Does My Cannabis Provisioning Center Have to Pay Taxes While I’m Waiting for my License Approval?
If you’re already licensed by the state of Michigan, your provisioning center must abide by the General Sales Tax Act (GSTA) to properly collect, file and pay sales tax timely. In addition to the Sales Tax Act, licensed provisioning centers must also adhere to the Provisioning Center Tax (excise tax) imposed by the Medical Marihuana Facilities Licensing Act (MMFLA).
For provisioning centers that are currently operating while their application is pending and under review, they must abide by these two tax acts even though they haven’t been issued a license.
Do you need help understanding the taxes? One of our cannabis business attorneys is also a CPA and can help you. Request a consultation now.
First, a quick introduction of the Sales Tax Act:
The GSTA imposes a 6% sales tax on the gross proceeds of “all persons engaged in the business of making sales at retail, by which ownership of tangible personal property is transferred for consideration….”
The Use Tax Act (UTA) imposes a 6% tax “for the privilege of using, storing, or consuming tangible personal property in this state….”
The GSTA and UTA (Acts) only impose tax on sale/use of tangible personal property not otherwise exempt under the GSTA and UTA and services that are specifically subject to tax.
The retail sales of marihuana and marihuana-derived products by a provisioning center are subject to sales tax.
The sale of any other tangible personal property by a provisioning center or other person that isn’t otherwise exempt from sales or use tax is also subject to tax.
In addition to the 6% sales tax, the MMFLA imposes tax on the gross retail receipts of a provisioning center licensed under the MMFLA at a rate of 3%.
This is known as the Provisioning Center Tax which essentially is considered an excise tax.
The MMFLA doesn’t limit the imposition of this tax to marihuana or marihuana-derived products.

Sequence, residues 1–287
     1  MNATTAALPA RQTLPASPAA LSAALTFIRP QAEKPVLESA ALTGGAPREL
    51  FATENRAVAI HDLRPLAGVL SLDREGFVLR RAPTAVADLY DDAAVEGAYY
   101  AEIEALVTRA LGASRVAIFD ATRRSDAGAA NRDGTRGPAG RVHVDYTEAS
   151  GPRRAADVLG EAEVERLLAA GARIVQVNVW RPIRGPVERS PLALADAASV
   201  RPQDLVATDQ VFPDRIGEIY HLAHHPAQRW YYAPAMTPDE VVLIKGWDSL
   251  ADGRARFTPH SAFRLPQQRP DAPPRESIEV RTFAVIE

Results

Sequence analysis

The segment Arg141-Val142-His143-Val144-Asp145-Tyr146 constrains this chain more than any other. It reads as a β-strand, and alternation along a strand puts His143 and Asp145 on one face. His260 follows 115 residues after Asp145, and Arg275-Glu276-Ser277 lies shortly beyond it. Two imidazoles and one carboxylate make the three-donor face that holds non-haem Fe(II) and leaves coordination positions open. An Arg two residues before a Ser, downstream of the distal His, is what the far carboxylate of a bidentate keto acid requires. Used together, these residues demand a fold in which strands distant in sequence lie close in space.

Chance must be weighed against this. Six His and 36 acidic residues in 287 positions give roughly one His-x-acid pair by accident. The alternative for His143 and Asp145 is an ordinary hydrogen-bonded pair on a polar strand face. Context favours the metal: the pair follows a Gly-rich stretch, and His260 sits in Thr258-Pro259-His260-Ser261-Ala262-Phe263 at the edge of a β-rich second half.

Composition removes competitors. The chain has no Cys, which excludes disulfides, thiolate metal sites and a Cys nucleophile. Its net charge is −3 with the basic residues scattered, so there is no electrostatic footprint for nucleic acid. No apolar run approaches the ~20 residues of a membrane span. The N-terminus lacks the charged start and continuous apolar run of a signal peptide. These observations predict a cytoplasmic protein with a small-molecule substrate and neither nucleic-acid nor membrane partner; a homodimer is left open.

Therefore, all gross retail receipts of a cannabis provisioning center are subject to the taxes.
This includes non-marihuana sales such as marihuana paraphernalia, clothing, food, or any other tangible personal property or service.
There are no exemptions for any service or property under the MMFLA.
In other words, all retail sales made by licensed cannabis provisioning centers are subject to the MMFLA’s taxes.
Unlike sales tax, a seller subject to the MMFLA’s gross retail receipts tax may not pass along the incidence of the tax to its customer; the seller may, however, consider the tax in establishing its prices.
For Example: XYZ, Inc. is a provisioning center. XYZ sells glassware, clothing and rolling papers in addition to marihuana products.
XYZ is liable for the 3% tax imposed by the MMFLA for all glassware, clothing, rolling paper, and marihuana product sales.
Further, the sales tax base includes taxes imposed on the seller other than those imposed by the Sales Tax Act.
Therefore, the 3% tax imposed by the MMFLA is also subject to sales tax when a provisioning center or other person sells property that’s subject to sales tax.
Another example is this, XYZ, Inc. is a provisioning center. XYZ sells marihuana to Customer for a sales price of $100.
XYZ is liable for $3 in tax under the MMFLA (excise tax).
XYZ is also liable for sales tax based on 6% of $103, which amounts to a sales tax liability of $6.18.
XYZ must report and remit $3 on its return under the MMFLA and $6.18 on its sales tax return.
Provisioning centers must file sales tax returns based on the frequency directed by Treasury (i.e., monthly, quarterly, or annually).
Filing of returns for sales, use, and withholding taxes may be done electronically through MTO.
Sales, use, and/or withholding tax payments may also be remitted electronically through MTO.
In addition, the MMFLA requires provisioning centers to remit the provisioning center tax for a calendar quarter to the Department of Treasury by 30 days after the end of that calendar quarter, accompanied by a form prescribed by Treasury.
The return must disclose the provisioning center’s gross quarterly retail receipts and the amount of tax due under the MMFLA.
The return must be submitted electronically through Michigan Treasury Online (MTO).
According to the State of Michigan, provisioning centers that are operating but not yet licensed by MMFLA must still abide by these two tax acts.
However, this can be very tricky.
You’ll have to file and pay sales tax through MTO on a monthly basis.
For the MMFLA Provision Center Tax, you’ll only be able to pay the tax but not actually file the return since you have yet to be issued a license number to report on the return.
The Department of Treasury will collect your tax and “hold” this until the quarterly tax return is filed through MTO once you’re licensed.
It’s critical to work with a CPA that understands the cannabis industry and its filing requirements and obligations.
Failure to abide by these rules and regulations could cost you fines, penalties and even revocation of your license.
Do you need help understanding the taxes? One of our cannabis business attorneys is also a CPA and can help you. Or, do you need help filing or getting a license approved? Request a consultation now.
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